A new documentary reminds us how intrusive social media can be in our lives and how personal privacy is quickly vanishing. Kyle Smith writes about this in a recent op-ed and mentions the documentary The Creepy Line. The name of the documentary is taken from a comment by Google CEO Eric Schmidt. He has a nickname for the invasive nature of his company. “Google policy on a lot of these things is to get right up to the creepy line and not cross it.”
In the film, Peter Schweizer illustrates how your search history gives Google an enormous amount of information. Of course, this is supposed to tell Google and other advertisers what you like to buy. But this enormous cache of information also tells anyone who has access to it all sorts of other things about you and your personal tastes.
Google also noticed that you would leave the search engine in order to surf the Internet. So, it developed the browser, Chrome. That means that everything you do online through Chrome is also collected in the cache of information at Google.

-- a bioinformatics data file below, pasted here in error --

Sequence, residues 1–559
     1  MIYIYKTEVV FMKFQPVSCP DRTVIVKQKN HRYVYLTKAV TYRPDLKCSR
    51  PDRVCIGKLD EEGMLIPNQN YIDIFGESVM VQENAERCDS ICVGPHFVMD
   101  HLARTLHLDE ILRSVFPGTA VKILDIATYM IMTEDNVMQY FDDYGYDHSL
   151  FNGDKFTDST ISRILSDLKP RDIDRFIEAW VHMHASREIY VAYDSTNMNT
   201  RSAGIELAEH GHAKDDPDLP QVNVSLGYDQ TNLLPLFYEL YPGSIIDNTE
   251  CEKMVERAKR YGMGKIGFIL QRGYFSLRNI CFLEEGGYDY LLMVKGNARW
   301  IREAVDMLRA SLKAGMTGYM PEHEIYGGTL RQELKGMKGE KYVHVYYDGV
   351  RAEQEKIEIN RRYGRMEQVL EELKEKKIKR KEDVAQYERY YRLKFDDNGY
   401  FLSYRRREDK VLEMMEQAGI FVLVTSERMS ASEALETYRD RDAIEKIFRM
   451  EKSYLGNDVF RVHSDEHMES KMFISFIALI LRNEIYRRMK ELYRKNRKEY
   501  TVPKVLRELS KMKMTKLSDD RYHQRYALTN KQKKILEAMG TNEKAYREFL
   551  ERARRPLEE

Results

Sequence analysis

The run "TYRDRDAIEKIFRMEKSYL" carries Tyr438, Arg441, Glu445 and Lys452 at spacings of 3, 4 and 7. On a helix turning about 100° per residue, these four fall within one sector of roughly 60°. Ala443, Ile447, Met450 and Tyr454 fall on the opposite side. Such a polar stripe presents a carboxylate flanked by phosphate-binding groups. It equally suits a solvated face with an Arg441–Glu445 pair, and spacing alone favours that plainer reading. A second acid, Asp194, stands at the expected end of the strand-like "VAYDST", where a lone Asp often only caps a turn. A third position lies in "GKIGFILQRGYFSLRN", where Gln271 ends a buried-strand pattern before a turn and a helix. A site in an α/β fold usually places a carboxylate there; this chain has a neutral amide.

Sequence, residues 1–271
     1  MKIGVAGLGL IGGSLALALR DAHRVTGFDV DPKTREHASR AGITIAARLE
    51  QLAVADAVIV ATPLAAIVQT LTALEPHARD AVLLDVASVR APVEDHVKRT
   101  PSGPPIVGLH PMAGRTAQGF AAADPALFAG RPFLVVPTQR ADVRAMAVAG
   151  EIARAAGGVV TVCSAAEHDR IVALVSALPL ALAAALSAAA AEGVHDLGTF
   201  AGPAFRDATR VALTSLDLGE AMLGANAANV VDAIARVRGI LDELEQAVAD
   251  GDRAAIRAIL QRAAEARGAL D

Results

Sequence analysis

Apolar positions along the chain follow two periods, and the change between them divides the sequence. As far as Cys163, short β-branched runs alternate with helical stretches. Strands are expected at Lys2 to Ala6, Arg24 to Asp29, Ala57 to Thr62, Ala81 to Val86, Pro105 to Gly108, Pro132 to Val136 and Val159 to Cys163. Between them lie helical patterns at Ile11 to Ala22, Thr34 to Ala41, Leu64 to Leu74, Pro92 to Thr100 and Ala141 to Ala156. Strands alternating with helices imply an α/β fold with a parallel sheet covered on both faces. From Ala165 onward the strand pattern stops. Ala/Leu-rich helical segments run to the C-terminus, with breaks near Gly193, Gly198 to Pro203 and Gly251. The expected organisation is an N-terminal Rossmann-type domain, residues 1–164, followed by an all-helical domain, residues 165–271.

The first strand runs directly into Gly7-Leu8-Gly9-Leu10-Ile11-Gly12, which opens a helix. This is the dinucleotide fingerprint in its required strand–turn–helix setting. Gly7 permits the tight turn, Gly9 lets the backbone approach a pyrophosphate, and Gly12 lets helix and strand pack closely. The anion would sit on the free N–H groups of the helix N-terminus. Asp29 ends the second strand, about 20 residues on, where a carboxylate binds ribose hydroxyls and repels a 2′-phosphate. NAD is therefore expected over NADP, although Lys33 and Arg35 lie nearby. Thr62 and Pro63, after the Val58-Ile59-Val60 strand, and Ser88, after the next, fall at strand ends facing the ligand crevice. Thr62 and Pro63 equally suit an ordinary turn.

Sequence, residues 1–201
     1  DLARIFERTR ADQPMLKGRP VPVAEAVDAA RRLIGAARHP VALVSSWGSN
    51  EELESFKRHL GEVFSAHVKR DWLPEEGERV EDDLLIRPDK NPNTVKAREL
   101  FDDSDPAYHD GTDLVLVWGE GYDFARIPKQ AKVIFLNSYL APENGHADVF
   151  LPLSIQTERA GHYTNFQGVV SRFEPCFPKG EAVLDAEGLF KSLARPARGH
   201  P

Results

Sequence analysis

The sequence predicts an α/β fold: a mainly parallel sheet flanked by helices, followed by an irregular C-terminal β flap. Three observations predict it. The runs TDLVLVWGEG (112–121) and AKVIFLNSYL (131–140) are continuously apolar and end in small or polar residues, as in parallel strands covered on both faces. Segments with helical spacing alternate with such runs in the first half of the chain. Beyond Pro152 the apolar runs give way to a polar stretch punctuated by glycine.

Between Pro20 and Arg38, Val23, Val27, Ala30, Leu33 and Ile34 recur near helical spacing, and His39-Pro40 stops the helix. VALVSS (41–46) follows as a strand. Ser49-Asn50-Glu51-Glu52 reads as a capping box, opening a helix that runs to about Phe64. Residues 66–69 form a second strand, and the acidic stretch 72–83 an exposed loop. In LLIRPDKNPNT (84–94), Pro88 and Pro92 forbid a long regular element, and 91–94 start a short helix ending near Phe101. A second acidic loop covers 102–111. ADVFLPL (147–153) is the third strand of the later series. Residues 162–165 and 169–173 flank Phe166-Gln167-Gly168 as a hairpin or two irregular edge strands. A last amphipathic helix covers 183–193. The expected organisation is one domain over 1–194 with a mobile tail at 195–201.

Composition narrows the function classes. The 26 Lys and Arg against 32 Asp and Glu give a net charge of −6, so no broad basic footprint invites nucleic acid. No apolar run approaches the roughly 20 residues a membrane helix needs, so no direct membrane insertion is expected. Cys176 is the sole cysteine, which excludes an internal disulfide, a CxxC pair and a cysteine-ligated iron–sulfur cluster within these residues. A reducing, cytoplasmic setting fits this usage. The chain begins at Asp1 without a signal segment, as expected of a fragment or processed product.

But that’s not enough. Google wants to know what you are doing even when you are not online. So, there is Android that uploads a complete picture of what you have been doing when you are not online. Smith concludes, “It’s a surveillance business model. Google Maps, Goggle Docs, Gmail . . . Google knows more about you than your spouse does.”
Over the last few months, Congress has shown some interest in understanding how Google (and the other Big Tech firms) make their editorial decisions. But Smith also reminds us that the federal government is “a heavy user of Google products, and has shown little interest in oversight.”
If Google isn’t going to self-police itself, and if Congress isn’t going to take any meaningful action, then we as consumers need to be wary of how Google and others use us and our information.